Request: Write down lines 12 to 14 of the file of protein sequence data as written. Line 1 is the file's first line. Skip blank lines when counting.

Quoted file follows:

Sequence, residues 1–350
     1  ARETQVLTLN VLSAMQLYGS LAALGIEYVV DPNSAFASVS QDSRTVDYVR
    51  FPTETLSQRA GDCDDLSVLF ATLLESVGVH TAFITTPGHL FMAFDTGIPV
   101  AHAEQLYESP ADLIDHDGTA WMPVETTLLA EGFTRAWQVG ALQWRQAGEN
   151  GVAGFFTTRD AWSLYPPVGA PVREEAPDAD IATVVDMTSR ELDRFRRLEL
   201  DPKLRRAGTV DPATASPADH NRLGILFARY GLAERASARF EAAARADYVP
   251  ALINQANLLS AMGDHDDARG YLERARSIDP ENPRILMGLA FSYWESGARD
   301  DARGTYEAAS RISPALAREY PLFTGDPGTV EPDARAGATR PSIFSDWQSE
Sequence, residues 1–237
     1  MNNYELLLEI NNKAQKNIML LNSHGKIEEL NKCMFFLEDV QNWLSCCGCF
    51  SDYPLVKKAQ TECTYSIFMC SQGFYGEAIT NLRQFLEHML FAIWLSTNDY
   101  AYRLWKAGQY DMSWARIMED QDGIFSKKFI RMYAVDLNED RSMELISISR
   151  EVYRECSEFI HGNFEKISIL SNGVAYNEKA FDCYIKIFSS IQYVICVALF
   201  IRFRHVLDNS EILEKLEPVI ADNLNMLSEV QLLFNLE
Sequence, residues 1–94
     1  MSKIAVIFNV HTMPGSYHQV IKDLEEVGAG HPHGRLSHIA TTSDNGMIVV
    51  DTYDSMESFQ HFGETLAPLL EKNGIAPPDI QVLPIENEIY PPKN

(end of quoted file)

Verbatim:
   101  AYRLWKAGQY DMSWARIMED QDGIFSKKFI RMYAVDLNED RSMELISISR
   151  EVYRECSEFI HGNFEKISIL SNGVAYNEKA FDCYIKIFSS IQYVICVALF
   201  IRFRHVLDNS EILEKLEPVI ADNLNMLSEV QLLFNLE